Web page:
Close Close

Regulation and Compliance > Federal Regulation > FINRA

FINRA Fines, Suspends Avenir Financial Group, Bars Former CEO

Your article was successfully shared with the contacts you provided.

A Financial Industry Regulatory Authority (FINRA) hearing panel on Tuesday sanctioned Avenir Financial Group, fining the New York-based firm $229,000 and suspending it for two years from engaging in any self-offerings of securities for misconduct including the fraudulent sales of equity interests in the firm and promissory notes to elderly investors.

The hearing panel also barred Avenir’s former Chief Executive Officer and Chief Compliance Officer Michael Todd Clements from the securities industry for fraud, suspended registered rep Karim Ahmed Ibrahim (aka Chris Allen) for two years for fraud and ordered Ibrahim to disgorge his $25,000 commission.

Avenir, Clements and Ibrahim were ordered to offer rescission to defrauded customers. The hearing panel dismissed the charge that Clements aided and abetted the fraud, as well as the charge that Avenir misused customer funds, according to FINRA.

The decision resolves charges brought by FINRA’s enforcement division in April 2015. Since May 2015, the firm, Clements and Ibrahim have been subject to a temporary cease-and-desist order pending the resolution of the charges.

Unless the hearing panel’s decision is appealed to FINRA’s National Adjudicatory Council (NAC), or is called for review by the NAC, it will become final after 45 days.

FINRA also found that Avenir failed to provide to customers written disclosures regarding compensation from the sales and the use of proceeds in connection with the equity offerings, and inadequately supervised the firm’s capital raising.

The panel found that Avenir, Clements and Ibrahim “willfully misrepresented or omitted material facts in connection with sales of Avenir equity interests.” The firm also “willfully made misrepresentations” in the sale of debt and equity interests in the holding company of the firm’s branch office.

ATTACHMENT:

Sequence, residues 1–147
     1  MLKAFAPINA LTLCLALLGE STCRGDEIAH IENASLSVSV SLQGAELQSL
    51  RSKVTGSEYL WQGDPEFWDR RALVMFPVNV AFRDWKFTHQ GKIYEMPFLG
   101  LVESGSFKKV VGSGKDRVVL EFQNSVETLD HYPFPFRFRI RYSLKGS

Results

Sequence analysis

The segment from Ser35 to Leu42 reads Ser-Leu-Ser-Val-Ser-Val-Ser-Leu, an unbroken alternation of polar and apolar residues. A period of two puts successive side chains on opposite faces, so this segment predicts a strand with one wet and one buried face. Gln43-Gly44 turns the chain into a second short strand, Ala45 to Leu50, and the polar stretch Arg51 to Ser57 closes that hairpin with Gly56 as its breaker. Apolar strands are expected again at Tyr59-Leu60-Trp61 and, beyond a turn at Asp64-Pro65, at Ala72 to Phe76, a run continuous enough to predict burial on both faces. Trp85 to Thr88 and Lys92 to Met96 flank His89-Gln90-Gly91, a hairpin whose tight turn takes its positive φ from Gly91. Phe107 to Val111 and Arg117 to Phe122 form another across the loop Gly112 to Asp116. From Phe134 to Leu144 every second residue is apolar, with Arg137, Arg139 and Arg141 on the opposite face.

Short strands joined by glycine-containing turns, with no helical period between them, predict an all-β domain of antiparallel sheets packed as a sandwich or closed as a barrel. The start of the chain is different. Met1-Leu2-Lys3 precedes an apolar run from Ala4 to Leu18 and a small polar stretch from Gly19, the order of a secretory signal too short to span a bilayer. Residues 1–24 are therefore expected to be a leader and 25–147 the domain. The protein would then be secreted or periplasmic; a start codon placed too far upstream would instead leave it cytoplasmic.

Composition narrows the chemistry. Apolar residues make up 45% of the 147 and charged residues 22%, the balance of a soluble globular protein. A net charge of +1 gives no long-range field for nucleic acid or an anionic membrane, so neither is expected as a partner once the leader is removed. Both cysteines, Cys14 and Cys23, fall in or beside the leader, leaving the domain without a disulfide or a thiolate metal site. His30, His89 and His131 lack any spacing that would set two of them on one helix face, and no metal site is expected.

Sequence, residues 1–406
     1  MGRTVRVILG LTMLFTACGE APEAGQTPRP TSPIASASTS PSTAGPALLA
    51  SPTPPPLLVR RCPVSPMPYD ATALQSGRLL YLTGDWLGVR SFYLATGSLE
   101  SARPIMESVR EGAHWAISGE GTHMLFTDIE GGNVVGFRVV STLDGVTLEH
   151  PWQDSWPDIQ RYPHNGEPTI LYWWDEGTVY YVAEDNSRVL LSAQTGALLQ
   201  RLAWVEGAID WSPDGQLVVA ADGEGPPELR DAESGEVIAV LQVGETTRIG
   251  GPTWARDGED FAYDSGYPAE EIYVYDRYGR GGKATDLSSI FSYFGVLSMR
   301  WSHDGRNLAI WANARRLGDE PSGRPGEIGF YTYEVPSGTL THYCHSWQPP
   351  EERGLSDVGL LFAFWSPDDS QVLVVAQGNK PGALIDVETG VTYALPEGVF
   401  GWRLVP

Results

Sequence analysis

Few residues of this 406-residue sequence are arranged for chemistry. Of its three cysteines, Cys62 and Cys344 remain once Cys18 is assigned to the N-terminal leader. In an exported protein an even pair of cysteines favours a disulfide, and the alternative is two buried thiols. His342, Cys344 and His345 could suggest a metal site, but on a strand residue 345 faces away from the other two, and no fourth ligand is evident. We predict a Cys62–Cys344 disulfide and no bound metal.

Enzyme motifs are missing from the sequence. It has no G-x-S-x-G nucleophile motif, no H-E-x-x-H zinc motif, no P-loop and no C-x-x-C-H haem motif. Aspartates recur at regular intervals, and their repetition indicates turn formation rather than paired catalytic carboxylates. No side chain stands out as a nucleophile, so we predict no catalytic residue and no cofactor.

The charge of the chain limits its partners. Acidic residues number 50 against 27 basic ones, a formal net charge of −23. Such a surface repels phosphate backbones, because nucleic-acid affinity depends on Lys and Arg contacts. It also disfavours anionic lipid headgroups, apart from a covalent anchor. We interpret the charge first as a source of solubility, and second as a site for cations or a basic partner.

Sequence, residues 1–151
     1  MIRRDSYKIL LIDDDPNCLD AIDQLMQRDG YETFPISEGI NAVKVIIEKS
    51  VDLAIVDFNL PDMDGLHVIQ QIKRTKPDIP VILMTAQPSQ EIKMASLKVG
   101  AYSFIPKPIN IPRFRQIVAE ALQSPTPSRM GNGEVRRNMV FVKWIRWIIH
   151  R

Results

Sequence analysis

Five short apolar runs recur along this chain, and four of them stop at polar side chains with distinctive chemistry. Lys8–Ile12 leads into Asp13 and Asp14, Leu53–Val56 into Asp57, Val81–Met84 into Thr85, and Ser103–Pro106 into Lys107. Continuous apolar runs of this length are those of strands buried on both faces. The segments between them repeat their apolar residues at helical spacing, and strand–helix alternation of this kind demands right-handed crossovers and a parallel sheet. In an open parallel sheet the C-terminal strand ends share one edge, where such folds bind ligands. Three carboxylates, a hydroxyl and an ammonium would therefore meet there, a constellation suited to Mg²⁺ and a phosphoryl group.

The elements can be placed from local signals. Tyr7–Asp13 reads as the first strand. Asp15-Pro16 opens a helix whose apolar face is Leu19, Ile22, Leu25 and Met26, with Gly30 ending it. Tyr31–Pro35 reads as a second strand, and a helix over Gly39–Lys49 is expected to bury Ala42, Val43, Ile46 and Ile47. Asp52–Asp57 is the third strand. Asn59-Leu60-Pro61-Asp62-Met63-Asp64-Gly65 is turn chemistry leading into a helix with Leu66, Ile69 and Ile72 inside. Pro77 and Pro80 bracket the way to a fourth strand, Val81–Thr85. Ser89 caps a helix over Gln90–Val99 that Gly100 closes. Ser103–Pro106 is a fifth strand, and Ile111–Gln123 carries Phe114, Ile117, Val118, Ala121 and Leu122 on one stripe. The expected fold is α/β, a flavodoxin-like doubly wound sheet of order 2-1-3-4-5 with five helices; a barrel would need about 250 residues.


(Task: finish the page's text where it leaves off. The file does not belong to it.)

According to the panel’s decision, Avenir, which was thinly capitalized and in need of an immediate capital infusion to comply with net capital rules, sought funds from investors through an equity self-offering in 2013. Clements, who oversaw Ibrahim’s capital-raising efforts, directed Ibrahim to raise capital from customers who were told their funds would be used for Avenir’s day-to-day operations and growth.

However, the decision notes Clements failed to inform Ibrahim of crucial details, “including the firm’s precarious financial situation.”

In one instance, a 92-year-old customer was told his $250,000 investment would be used to grow the firm and fund its day-to-day operations, and that one day his investment would be returned “in a very large amount.”

Beyond the purchase agreement, “Ibrahim did not provide the customer with any written materials, including any written information about the firm,” FINRA said. “Ibrahim admitted in testimony prior to the hearing that he was aware that Avenir faced a dire regulatory capital situation, yet he did not disclose this material fact to the customer.”

— Related on ThinkAdvisor:


© 2023 ALM Global, LLC, All Rights Reserved. Request academic re-use from All other uses, submit a request to [email protected]. For more information visit Asset & Logo Licensing.